The scene-setter came courtesy of Diego Costa. It often does. A man who can be the barometer of any occasion set the tone for a tournament in idiosyncratic fashion. He played for a tiki-taka team and scored a Jose Mourinho goal, marrying a clinical streak with touches of world-class bastardry.
He accepted Sergio Busquets’ long, Cesc Fabregas-style pass, bundled into and barged past Pepe, drove forward and dispatched a shot beyond Rui Patricio. Thanks to the unapologetic directness of a battering ram, it finished Portugal 3 Spain 3 on the second day of the World Cup. Costa struck twice. Forget the 2012 Spain, though; his first was the 2015 Chelsea.
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There was something symbolic about it. Spain had become the spiritual home of the false nine in recent years, thanks in part to Pep Guardiola. Costa had felt a mismatch with his adopted national team: unable to score in the 2014 World Cup, unable to make the Euro 2016 squad.
He is now spearheading both the side and the revival of the traditional No. 9. It would be an exaggeration to say the false nine had rendered him an endangered species, but the old-fashioned striker is back with a vengeance and not just because vengeance is one of Costa’s hobbies. He may not have scored against Morocco, but acted as the focal point – and pivot – for the attack that led to Isco's goal and already has three goals to his name in any case. He is one behind Romelu Lukaku, who is waging a battle for the Golden Boot with Harry Kane (five). Their rivals also include Cristiano Ronaldo (four), who has long had a striker’s selfish mentality, if not always status as the furthest man forward.
The convergence of specialist scorers, most out-and-out centre-forwards, shows a change from the last World Cup. Then, only one of the five most prolific players was a striker and he, Robin van Persie, had been, to use Arsene Wenger’s phrase, “a nine-and-a-half”. Only two of the top 10 were real No. 9s.
Perhaps, like everything, this is cyclical. Kane and Lukaku feel at the peak of their powers now. Had both gone down injured a month ago, the picture may have looked very different. And yet it feels part of a broader tactical trend. Russia’s towering target man Artem Dzyuba can be found on the leaderboard of the top scorers. Germany manager Joachim Low had a dalliance with false nines but he began this tournament with a genuine striker, in Timo Werner. When elimination beckoned against Sweden, he sent on still more of an archetypal, 20th-century forward, in Mario Gomez, and his nuisance value was a reason why Marco Reus equalised. The creative, slight Mesut Ozil remained unused on the bench.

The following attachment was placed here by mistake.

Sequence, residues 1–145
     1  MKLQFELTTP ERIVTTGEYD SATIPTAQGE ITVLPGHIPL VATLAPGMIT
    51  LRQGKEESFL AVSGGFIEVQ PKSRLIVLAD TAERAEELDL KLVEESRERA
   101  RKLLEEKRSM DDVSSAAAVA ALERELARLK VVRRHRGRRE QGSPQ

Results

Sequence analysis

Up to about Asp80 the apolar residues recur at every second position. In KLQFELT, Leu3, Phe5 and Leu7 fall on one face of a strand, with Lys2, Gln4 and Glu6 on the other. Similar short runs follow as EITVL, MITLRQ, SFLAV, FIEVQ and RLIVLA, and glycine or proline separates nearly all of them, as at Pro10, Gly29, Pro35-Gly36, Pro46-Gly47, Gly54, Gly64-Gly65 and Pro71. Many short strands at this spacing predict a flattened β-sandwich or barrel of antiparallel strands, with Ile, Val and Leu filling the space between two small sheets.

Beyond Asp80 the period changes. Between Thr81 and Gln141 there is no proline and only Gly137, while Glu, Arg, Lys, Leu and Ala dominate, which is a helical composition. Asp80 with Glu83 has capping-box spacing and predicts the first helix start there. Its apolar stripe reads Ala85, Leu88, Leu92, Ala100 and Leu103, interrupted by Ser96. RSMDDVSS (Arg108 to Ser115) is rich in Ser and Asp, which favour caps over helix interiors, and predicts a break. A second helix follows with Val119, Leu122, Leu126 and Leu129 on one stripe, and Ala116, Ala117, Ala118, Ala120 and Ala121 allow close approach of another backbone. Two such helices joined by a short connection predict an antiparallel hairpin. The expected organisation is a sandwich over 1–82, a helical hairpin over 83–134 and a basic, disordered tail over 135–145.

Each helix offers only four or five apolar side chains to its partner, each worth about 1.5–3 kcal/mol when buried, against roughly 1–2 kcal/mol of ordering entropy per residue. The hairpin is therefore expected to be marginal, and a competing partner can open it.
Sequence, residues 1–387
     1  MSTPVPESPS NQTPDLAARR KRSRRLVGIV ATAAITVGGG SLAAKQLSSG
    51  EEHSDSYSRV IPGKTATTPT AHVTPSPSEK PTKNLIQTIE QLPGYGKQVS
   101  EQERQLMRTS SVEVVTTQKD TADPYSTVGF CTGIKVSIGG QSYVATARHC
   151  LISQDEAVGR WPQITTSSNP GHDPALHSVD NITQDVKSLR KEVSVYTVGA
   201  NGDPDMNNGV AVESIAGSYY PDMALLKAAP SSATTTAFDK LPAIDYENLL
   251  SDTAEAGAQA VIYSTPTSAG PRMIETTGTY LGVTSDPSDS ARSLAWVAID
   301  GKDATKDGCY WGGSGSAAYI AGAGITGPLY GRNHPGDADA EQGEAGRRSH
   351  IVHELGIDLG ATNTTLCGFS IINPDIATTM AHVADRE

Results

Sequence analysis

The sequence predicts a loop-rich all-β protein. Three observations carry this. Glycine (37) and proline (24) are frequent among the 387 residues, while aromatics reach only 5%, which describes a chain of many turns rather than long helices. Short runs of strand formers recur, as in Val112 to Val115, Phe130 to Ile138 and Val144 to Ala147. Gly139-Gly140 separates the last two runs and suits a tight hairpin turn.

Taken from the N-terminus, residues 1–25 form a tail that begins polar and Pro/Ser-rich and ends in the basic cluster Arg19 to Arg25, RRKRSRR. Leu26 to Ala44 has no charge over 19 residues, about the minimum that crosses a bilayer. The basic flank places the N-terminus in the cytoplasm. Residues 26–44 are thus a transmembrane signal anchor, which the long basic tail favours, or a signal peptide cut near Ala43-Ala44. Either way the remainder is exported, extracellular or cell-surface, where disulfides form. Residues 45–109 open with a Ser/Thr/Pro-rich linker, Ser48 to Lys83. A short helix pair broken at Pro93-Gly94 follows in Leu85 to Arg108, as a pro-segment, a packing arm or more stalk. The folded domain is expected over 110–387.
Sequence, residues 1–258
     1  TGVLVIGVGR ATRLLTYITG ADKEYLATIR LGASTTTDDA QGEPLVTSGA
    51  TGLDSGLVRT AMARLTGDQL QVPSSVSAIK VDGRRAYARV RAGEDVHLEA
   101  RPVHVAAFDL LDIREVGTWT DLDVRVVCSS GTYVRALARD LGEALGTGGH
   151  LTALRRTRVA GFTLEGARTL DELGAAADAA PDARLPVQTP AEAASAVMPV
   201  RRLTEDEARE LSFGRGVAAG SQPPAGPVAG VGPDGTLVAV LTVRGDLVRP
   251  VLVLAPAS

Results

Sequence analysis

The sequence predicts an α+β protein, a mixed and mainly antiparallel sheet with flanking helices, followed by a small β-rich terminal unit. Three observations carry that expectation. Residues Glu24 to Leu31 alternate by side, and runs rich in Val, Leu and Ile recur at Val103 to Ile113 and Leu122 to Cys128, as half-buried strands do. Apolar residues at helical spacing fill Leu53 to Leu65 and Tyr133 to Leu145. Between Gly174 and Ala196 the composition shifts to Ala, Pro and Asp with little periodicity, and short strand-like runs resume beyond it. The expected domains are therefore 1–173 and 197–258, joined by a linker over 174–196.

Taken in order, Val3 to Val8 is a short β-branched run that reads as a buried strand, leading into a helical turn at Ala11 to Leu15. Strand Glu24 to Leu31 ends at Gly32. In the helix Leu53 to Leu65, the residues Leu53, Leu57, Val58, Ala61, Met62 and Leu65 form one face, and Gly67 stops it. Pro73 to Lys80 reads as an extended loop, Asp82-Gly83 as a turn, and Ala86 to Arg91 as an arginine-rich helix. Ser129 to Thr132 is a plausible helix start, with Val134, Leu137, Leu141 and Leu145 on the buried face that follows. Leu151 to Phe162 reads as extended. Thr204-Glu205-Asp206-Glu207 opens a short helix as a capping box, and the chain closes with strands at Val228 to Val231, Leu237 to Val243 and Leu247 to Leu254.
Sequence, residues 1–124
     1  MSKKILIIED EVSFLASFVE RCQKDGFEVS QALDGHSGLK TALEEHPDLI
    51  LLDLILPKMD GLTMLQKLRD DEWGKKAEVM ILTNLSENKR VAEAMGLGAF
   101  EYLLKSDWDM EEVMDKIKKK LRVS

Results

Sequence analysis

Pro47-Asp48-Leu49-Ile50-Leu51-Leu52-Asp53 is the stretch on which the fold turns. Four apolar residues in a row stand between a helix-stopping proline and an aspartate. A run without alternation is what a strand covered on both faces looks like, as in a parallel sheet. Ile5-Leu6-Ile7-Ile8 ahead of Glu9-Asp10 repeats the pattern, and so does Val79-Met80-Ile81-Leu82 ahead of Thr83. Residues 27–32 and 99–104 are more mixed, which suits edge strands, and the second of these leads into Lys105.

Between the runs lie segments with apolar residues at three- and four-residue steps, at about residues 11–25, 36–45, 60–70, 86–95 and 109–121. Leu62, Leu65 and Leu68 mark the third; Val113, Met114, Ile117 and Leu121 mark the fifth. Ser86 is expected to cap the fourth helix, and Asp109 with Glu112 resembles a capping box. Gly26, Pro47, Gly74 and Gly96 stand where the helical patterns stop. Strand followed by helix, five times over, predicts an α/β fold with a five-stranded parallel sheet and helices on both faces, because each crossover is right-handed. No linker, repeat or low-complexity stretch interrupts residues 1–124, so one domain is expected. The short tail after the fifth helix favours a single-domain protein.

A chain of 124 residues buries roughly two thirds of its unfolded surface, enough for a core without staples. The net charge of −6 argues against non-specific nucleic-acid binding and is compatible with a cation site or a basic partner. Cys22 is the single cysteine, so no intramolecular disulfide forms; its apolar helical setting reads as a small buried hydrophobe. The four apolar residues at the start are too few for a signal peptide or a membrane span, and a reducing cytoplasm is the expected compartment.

France began the World Cup with supposedly fluent, fearsome front three, a high-minded concept that did not really work for them. They recalled Olivier Giroud to do what Giroud does: win headers, lead the line, act as the selfless foil to the flair players behind him.
Some might say that football has regressed. Forget the technical, the physical is back. Instead of the idealistic pursuit of a side where everyone is a midfielder in skillset and upbringing, the dinosaurs are roaming the earth again, taking their inspiration from Costa’s ever-present snarl and jutting elbows.
Yet it may in part be because of the game’s evolution. The introduction of VAR has brought an increase in spot kicks. It is getting harder to deal with a big bloke in the box. Now a penalty-area presence can produce more penalties. Wrestle and grapple with Kane at your peril; unless you are a Tunisian defender, anyway. Foul a false nine when he drops deeper and the punishment is lesser. The striker can also expand a game, not compress it, with his age-old duties of dragging a defence deeper to create space for the assorted attacking midfielders, wingers and No. 10s who roam around in his slipstream.

Harry Kane of England and Yassine Meriah of Tunisia

Image credit: Getty Images

Which helps explain the fate of arguably the two finest false nines operating in club football. Roberto Firmino and Dries Mertens have both played their parts, the Brazilian helping set up Philippe Coutinho’s opener against Costa Rica and the Belgian breaking the deadlock against Panama in spectacular style. But it was notable that when the Liverpool man was introduced on Friday, it was to join Gabriel Jesus, not replace him. The Napoli top scorer operates off Lukaku, not instead of him.
Unable to recruit, international managers can veer towards pragmatism. Able to shape their squads and granted more time on the training ground, their club counterparts are more able to indulge in idealistic experiments. And there can be little doubt the false nine is a more complicated concept to coach. When said false nine is Nandor Hidegkuti, for Hungary in the 1950s, or Lionel Messi for Barcelona in the last decade, it feels a revolutionary development featuring a prolific player. When the false nine was Jorge Valdivia, something of a cult hero in Marcelo Bielsa and Jorge Sampaoli’s Chile sides but a player whose 79 international appearances produced just seven goals, then it creates a reliance on others to score. It necessitates an understanding many international sides do not possess.
In contrast, there is a certain simplicity to a scoring striker powering his way to goal, Costa-style, or blasting in penalties, like Kane. There is something comfortingly familiar in the tall, forceful No. 9, just as there is something uncomfortable about facing him. And not just because he is Diego Costa.
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